Study: Private colleges pressured to drop sticker price on tuition
- According to a recent study by the National Association of College and Business Officers, tuition discounts for undergraduates at private institutions across the country average 42.5%, significantly reducing the sticker shock of college tuition.
- For first-time freshmen, that rate increases to 48.6%, a discount rate that has increased more than than 10% over the last decade.
- While 44% of families wait to receive a financial aid package before deciding on a school, officials indicate growing pressure to offer scholarships and institutional aid to ensure stabilized enrollment.
Tuition-driven institutions will always be under pressure to offer tuition rebates, because without them, public institutions and appropriation-supported aid programs will always be able to accommodate student need on a wider scale. Even public institutions are struggling with how to entice students to attend certain schools, given the increasing recruitment of out-of-state students and the ability of private schools to offer more of a nurturing learning environment.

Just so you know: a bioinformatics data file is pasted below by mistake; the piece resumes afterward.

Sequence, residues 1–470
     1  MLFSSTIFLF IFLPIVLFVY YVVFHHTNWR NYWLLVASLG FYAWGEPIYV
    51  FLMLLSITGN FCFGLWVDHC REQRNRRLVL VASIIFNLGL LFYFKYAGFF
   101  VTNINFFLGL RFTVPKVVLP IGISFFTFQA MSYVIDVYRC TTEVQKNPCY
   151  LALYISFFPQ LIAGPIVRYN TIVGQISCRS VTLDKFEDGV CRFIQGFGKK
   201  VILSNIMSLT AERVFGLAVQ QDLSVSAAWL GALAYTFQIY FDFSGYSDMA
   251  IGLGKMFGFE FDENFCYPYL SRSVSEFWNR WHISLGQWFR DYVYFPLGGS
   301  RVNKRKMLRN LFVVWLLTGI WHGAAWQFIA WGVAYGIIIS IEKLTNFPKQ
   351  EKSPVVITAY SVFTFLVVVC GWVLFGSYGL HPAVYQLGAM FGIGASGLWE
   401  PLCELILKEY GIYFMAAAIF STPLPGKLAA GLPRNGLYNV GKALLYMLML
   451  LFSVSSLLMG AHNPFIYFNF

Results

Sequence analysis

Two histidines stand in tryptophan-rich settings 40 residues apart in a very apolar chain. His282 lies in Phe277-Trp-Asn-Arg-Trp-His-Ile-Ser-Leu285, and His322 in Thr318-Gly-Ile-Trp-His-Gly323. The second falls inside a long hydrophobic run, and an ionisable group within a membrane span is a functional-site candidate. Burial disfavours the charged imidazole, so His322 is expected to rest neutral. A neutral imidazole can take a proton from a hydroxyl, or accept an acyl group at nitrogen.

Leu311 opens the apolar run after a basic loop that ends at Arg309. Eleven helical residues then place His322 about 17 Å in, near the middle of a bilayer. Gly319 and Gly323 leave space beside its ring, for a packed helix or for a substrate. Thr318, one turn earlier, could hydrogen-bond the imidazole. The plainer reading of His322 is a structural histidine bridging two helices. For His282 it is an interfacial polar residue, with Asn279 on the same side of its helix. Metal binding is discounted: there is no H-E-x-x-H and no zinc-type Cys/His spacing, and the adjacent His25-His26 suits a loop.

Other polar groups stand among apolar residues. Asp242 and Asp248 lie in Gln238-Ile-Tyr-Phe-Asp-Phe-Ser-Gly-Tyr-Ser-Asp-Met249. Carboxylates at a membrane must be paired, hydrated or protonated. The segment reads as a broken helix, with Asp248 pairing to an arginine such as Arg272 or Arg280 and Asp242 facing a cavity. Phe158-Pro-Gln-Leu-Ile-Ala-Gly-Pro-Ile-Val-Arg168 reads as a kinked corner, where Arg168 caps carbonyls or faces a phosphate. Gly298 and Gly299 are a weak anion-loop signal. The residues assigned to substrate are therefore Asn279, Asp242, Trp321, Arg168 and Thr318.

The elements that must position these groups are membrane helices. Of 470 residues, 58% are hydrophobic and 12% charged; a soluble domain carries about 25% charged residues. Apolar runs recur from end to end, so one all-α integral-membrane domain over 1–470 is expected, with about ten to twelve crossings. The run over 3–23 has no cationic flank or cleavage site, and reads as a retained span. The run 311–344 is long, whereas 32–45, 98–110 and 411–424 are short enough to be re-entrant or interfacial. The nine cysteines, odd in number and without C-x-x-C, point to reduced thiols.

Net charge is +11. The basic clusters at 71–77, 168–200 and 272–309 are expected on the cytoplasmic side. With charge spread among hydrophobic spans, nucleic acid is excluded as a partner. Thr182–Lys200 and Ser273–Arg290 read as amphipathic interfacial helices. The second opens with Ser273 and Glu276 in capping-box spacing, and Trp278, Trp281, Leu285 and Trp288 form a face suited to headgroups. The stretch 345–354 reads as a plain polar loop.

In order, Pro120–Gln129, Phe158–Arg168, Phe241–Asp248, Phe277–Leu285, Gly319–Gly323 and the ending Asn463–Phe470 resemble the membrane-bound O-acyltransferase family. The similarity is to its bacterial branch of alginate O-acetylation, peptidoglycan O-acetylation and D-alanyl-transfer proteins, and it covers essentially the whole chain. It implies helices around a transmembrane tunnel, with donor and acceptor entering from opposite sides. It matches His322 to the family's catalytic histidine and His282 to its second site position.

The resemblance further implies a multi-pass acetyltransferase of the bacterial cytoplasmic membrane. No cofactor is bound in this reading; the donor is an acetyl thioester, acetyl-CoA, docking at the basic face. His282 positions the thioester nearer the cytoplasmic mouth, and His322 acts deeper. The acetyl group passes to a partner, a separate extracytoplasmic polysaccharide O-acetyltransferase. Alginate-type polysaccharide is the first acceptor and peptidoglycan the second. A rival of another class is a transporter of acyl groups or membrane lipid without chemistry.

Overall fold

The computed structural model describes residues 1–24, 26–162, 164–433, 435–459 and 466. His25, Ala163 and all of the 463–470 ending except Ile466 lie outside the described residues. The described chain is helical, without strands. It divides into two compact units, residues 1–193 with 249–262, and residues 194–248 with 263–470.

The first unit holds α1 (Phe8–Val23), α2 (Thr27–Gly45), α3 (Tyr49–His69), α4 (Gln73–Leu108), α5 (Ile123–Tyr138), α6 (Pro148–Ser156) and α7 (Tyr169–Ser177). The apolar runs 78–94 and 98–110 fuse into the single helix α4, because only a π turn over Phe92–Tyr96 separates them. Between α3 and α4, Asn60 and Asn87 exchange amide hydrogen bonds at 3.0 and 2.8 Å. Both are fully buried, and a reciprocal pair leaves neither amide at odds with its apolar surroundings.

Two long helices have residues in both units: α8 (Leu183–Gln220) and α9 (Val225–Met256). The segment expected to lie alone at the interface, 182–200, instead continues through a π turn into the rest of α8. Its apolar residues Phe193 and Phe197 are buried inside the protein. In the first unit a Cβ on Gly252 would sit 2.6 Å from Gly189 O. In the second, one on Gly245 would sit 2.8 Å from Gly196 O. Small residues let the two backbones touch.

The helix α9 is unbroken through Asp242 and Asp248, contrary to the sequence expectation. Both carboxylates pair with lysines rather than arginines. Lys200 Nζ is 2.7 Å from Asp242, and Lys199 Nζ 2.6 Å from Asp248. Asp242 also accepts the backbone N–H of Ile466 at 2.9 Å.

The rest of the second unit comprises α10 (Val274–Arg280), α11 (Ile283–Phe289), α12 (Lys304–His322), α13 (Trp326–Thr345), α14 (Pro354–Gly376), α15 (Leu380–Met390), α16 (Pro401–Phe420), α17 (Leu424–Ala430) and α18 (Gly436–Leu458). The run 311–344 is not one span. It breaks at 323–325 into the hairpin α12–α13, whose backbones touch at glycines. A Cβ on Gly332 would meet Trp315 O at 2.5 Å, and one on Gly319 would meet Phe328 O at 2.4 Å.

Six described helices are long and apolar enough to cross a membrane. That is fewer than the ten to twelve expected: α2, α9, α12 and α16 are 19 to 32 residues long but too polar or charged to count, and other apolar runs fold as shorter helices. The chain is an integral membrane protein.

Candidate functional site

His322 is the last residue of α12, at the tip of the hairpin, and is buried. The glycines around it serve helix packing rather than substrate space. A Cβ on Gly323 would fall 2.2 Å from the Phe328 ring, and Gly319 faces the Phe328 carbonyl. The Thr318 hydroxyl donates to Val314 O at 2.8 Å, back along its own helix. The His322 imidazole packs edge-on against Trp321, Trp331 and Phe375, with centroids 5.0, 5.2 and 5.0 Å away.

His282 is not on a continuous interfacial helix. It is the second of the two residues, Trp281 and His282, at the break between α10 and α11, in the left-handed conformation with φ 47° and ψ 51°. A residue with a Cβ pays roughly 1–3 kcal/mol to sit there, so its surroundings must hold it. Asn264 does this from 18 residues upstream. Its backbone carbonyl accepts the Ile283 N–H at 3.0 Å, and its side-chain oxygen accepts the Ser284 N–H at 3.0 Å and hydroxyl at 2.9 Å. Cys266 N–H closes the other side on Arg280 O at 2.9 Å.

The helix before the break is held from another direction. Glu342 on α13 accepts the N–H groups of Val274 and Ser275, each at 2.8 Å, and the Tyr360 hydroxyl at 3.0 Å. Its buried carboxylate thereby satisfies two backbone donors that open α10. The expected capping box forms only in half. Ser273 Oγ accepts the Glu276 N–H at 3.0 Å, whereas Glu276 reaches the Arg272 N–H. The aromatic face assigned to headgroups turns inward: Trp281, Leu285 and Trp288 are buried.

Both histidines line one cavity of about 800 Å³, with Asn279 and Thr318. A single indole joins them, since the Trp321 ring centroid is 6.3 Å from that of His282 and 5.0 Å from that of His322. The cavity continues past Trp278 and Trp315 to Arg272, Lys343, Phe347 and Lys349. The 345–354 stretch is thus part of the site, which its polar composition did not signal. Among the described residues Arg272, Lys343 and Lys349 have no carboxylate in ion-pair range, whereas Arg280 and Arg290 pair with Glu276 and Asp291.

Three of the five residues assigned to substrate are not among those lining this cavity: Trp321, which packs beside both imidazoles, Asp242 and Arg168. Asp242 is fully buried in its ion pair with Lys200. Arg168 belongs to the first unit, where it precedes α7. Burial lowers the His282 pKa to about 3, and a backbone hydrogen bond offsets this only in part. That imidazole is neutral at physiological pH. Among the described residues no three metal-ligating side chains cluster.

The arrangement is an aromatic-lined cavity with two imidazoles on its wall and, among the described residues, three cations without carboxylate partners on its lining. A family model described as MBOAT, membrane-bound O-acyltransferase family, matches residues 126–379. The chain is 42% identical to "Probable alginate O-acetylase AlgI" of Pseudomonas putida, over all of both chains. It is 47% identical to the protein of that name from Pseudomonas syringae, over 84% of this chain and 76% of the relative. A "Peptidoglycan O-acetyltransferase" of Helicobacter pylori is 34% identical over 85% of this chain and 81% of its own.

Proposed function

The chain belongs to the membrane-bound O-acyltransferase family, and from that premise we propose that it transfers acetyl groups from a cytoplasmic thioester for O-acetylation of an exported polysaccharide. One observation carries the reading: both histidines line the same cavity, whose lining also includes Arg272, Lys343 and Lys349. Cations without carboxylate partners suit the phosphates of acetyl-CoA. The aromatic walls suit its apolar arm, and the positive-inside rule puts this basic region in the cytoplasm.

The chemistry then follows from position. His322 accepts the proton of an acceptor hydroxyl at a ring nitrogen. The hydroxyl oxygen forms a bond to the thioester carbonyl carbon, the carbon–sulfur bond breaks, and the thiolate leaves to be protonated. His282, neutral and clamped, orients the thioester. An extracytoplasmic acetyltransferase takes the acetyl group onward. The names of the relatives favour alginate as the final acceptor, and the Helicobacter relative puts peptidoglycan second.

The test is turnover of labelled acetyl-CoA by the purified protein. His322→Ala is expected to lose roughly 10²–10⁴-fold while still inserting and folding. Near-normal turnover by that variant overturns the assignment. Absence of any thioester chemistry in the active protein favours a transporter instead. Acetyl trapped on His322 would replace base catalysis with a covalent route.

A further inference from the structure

For private institutions, bigger emphasis must be placed on research and development in order for federal funding to support faculty teaching and innovation, while corporate and private philanthropy lend greater support to student access and services. Public institutions can always focus on student needs as appropriations, when they are actually given, helping to support capital development and student services.
- US News & World Report Study: Private colleges up tuition discounts